Wolfgang Ischinger could hardly have picked a less propitious time to begin his first day on the job as Germany’s ambassador to the United States.
The career diplomat had barely settled into his spacious office on the top floor of the Bauhaus-style German Embassy on Reservoir Road N.W. when Islamic fanatics changed history — and the difficulty of his new assignment — by attacking New York and Washington.
The devastating impact and aftermath of the terrorist attack on Washington, which Ischinger could see in the panoramic view from his office, as smoke billowed from the Pentagon, put him at the center of one of the stormiest periods in modern U.S.-German relations.
“My first workday at this desk was Sept. 11, 2001,” Ischinger recalled as he prepared to take up his new post as Germany’s ambassador to Great Britain. “I never had a chance to make a single courtesy call. … All of a sudden we were in the middle of a changed world. It has been the theme of my four and a half years here.”
Indeed, Ischinger was forced to confront one crisis after another in U.S.-German relations in the wake of Sept. 11, including the 2003 U.S. invasion of Iraq and the anti-American sentiment stirred up by then-Chancellor Gerhard Schroeder during the German elections.
And as Schroeder’s successor, Angela Merkel, completed a successful fence-mending visit to the White House recently, a new controversy erupted when The New York Times reported that German intelligence agents in Baghdad gave U.S. military commanders a copy of Saddam Hussein’s plan for the defense of Baghdad.
But Ischinger insists that Germany’s relations with the United States remain stronger than ever, despite the latest controversy, which he notes is based on a report the German government has categorically denied.
“We have had a good, productive and constructive relationship in many areas that has continued even through the crisis years [since 2001]. The German-American relationship is a solid one, and even the serious policy disputes did not affect the core of this relationship in any serious way.”
Even though he declares that U.S.-German cooperation continues to be strong in such areas as research, technology, trade and investment, higher education, and even intelligence, he concedes the obvious, that U.S.-German ties at the political and diplomatic level became badly frayed at times during his tenure,
“The one area where maybe things didn’t work out that well was between the top of the governments, at the White House and with Chancellor Shroeder, and probably also between the defense ministers because we had a serious policy difference on a very serious matter,” he said. “That was obvious, and everybody knows that. But in most other areas, our relationship continues to be constructive.”
He added: “That’s something I feel that I really learned, that this is not just a relationship that’s based on whether or not Mr. Bush likes Mrs. Merkel or Mr, Schroeder, but that the tone and effectiveness and the core of this relationship is based on mutual understanding and appreciation, and is much stronger than some people feel.”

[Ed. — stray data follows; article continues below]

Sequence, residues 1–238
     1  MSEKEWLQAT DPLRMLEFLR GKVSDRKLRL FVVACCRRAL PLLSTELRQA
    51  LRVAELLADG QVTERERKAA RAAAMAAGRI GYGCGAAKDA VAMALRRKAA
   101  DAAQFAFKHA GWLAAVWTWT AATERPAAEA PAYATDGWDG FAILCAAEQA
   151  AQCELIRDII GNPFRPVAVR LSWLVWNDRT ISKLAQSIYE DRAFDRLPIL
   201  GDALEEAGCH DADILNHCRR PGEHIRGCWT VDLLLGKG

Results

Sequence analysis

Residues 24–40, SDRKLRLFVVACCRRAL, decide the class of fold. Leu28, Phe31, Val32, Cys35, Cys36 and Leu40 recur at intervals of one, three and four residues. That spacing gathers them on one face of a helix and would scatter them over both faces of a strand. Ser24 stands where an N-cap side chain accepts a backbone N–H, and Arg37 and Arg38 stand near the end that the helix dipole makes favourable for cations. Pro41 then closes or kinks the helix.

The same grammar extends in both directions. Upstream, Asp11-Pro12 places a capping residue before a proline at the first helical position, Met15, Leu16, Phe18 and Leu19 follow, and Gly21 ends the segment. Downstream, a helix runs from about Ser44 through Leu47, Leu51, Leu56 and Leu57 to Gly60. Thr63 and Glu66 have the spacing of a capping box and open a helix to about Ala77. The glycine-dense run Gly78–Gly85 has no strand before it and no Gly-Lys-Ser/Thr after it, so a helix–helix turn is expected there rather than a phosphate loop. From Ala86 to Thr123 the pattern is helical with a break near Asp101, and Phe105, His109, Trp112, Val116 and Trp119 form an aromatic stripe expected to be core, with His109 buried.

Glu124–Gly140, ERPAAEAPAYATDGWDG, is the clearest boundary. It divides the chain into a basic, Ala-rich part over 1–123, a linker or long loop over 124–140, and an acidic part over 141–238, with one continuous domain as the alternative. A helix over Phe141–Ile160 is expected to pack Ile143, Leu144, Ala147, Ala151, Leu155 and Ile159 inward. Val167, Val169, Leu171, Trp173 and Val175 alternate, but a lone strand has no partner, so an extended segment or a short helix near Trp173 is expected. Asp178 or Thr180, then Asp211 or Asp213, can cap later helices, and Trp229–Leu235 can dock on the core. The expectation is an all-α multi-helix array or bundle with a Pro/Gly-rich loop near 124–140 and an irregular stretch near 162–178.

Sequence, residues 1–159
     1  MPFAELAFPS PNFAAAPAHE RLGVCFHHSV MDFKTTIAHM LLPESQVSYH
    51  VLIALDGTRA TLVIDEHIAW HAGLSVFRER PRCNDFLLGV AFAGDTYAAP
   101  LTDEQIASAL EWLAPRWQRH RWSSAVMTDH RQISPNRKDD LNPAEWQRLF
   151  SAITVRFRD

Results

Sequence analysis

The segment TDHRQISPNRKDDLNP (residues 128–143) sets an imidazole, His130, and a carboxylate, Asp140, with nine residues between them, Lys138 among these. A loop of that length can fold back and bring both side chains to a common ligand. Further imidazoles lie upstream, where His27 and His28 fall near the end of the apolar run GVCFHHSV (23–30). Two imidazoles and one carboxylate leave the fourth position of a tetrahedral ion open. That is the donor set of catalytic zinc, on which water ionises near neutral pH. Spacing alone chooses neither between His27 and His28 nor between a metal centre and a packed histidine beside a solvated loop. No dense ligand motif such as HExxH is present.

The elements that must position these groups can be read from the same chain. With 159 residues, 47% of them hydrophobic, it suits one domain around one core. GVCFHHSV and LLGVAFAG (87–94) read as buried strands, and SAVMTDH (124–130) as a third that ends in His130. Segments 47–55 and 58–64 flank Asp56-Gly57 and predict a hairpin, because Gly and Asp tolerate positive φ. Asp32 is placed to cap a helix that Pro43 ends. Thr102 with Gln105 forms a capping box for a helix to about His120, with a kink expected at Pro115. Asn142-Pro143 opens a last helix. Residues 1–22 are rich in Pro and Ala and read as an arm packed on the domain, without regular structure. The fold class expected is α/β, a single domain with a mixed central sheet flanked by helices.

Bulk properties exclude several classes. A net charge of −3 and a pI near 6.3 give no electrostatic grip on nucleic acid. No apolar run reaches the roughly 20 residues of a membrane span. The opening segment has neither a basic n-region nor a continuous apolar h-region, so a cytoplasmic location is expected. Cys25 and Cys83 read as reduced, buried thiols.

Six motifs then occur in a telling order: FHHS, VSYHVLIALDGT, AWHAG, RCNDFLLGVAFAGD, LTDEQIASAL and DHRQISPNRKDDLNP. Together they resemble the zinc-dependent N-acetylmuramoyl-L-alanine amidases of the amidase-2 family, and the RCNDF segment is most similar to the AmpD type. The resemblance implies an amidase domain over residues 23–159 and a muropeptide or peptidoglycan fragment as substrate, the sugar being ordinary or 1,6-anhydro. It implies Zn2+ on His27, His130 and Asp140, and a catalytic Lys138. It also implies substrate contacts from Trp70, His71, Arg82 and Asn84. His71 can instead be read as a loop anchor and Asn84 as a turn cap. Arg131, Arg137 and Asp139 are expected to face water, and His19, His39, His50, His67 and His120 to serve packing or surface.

Ischinger learned his fluent English while living for many years in this country; he was a young exchange student in Illinois, he earned a master’s degree at the Fletcher School of Law and Diplomacy in Boston, and he began his diplomatic career at United Nations headquarters in New York
Ischinger said the foundation of U.S.-German ties is twofold: one, the generations of Americans who have spent time in Germany, and two, the business links between the two countries.
“The growth rate of German investment in the U.S. and, maybe even more importantly, American investment in Germany has continued totally without any [decline],” he said.
“It’s totally unaffected,” he said, even though a “handful of people” called his embassy to say they were so angry at Germany for opposing U.S. policy in Iraq that they were canceling their next BMWs.
Drawing on his experience as a participant in the Bosnia peace talks in Dayton, Ohio, Ischinger said he feels “very strongly that … we Europeans and you Americans, if we want to assure that we have a coherent approach to the security challenges that are confronting us, we must follow the model expressed by the term, ‘in together, out together.”
While that wasn’t the case in Iraq, he said, it was in Afghanistan, “where we can say it’s exactly ‘in together and out together,’ not only in military terms but also in political terms. This is why Mrs. Merkel has in her foreign-policy speeches placed so much emphasis on the central role of NATO, that NATO should be the place where all of us together make our security decisions. We should make them jointly, and not in Berlin or here in Washington.”
As he leaves for his new assignment in the capital of America’s strongest European ally, Ischinger says he will always be grateful for being given “the best diplomatic assignment Germany has to offer.
“This is a very friendly country. There’s this spirit of welcoming people. It was never difficult for me to be ambassador here. I was never given a bad time.”